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WSU honors Steve Gleason: "My roots are here in the Palouse"

WSU honors Steve Gleason: "My roots...

PULLMAN, Wash. - He lives thousands of miles and a world away from where he went to college, but Thursday afternoon in Pullman, Spokane native and Cougar great Steve Gleason said his roots "are still here in the Palouse."
 
Gleason made the remarks as he accepted the Regents' Distinguished Alumnus Award, WSU's highest alumni honor.
 
Gleason graduated from WSU in 1999. He played baseball and football, but Thursday, focused on other memories and lessons he learned on the Pullman campus.
 
"I certainly have some great football and baseball memories," Gleason told the crowd, gathered in the club level of Martin Stadium. "But, I think what makes my experience at WSU so incredible is the memories that have nothing to do with athletics. Part of why I've been able to handle ALS is because of my experience here at WSU."
 
Gleason remembered his former football coach with teaching him a lesson he said will stick with him forever. "[He told the football team] I'm interested in what you can do for people that cannot help you in return. I think that is what being a Coug is all about... to be people for others."
 
Gleason's friend and former teammate Grady Emmerson paid tribute to his friend and the courage he has shown in the fight against ALS.
 
"We sit and get inspired and we dream about things," Emmerson said. "Steve just does it."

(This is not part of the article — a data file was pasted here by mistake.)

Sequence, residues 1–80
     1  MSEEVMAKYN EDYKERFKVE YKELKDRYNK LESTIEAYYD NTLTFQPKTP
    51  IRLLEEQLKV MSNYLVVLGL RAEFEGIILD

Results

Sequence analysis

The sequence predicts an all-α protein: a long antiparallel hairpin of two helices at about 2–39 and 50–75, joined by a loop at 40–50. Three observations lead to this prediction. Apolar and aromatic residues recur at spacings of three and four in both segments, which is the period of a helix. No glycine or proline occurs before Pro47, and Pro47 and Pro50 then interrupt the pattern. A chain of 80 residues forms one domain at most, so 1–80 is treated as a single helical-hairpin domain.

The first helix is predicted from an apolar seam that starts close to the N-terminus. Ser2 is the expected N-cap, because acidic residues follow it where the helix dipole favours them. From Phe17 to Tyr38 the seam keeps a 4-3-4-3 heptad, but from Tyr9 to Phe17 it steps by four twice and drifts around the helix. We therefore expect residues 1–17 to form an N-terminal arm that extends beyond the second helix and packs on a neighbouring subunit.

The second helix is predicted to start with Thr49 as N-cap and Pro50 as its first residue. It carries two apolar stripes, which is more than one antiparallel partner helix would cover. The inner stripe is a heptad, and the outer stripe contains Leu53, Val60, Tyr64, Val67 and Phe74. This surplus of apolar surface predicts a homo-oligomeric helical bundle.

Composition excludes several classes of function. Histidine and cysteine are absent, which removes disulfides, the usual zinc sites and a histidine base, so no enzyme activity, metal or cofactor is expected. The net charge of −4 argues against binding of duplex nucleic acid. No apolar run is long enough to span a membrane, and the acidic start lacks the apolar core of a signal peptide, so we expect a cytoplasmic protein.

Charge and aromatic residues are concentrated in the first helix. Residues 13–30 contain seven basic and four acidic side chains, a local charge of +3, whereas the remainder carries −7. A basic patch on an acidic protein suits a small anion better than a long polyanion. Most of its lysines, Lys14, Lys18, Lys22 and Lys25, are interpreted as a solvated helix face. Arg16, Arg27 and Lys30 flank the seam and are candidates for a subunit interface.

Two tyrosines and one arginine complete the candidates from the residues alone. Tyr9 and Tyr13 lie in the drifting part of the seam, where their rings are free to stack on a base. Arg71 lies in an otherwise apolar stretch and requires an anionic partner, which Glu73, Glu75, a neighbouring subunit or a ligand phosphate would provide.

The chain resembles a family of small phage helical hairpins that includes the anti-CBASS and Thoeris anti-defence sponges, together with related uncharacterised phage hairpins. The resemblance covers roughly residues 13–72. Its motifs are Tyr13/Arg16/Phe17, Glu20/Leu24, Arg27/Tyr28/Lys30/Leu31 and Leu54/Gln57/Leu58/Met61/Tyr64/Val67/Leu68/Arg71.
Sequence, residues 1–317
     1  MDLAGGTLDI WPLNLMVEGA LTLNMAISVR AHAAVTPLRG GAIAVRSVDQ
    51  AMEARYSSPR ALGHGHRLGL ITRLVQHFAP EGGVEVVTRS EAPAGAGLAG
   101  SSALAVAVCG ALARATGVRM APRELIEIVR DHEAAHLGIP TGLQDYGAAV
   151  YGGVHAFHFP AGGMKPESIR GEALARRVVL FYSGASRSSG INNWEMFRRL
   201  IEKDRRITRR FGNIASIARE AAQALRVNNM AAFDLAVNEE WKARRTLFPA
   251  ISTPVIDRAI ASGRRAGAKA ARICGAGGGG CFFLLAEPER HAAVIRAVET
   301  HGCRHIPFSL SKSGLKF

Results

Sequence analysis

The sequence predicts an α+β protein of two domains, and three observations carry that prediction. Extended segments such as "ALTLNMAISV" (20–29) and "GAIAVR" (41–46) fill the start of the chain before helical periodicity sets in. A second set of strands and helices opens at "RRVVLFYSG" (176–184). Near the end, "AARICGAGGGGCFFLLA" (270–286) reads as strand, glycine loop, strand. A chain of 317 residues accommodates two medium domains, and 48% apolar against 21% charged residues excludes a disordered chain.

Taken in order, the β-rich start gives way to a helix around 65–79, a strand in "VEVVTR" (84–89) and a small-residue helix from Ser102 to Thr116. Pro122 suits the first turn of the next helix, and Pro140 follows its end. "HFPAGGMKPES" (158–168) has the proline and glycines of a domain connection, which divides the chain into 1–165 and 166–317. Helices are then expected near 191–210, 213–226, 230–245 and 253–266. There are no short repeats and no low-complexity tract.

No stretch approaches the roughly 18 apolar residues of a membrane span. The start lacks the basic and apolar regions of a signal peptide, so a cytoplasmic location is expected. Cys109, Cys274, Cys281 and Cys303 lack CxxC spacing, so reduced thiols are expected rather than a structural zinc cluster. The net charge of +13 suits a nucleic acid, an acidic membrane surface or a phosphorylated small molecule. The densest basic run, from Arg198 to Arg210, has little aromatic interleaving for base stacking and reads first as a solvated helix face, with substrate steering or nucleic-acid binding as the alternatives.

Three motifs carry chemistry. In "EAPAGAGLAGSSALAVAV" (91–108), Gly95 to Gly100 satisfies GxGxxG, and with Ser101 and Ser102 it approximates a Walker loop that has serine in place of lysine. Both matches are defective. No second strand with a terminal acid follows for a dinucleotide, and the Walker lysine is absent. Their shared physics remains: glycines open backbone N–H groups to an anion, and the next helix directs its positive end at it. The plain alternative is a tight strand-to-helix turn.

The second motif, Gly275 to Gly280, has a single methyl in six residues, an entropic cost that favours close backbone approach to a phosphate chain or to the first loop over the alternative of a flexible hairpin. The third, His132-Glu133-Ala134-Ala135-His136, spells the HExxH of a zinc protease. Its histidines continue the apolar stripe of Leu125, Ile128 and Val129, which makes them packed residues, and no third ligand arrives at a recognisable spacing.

WSU President Kirk Schulz said Gleason embodies what it means to be a Coug.
 
"His passion to persevere, and succeed, despite life's challenges, has inspired thousands, not only in the United States, but around the world."
 
Through his work with Team Gleason, Steve has raised millions of dollars for research and technology. He has also helped facilitate life-changing trips for others dealing with similar illness and injuries. The Steve Gleason Act, signed into law by President Obama, makes critical technology available to ALS patients through Medicare and Medicaid.
 
Gleason lives in New Orleans with his wife Michel and their son Rivers. A statute outside the Superdome there depicts Gleason blocking a punt in the Saints first home game after Hurricane Katrina. Named "Rebirth" it signifies the moment that inspired a city to rebuild and recover from the devastating storm.
 

 


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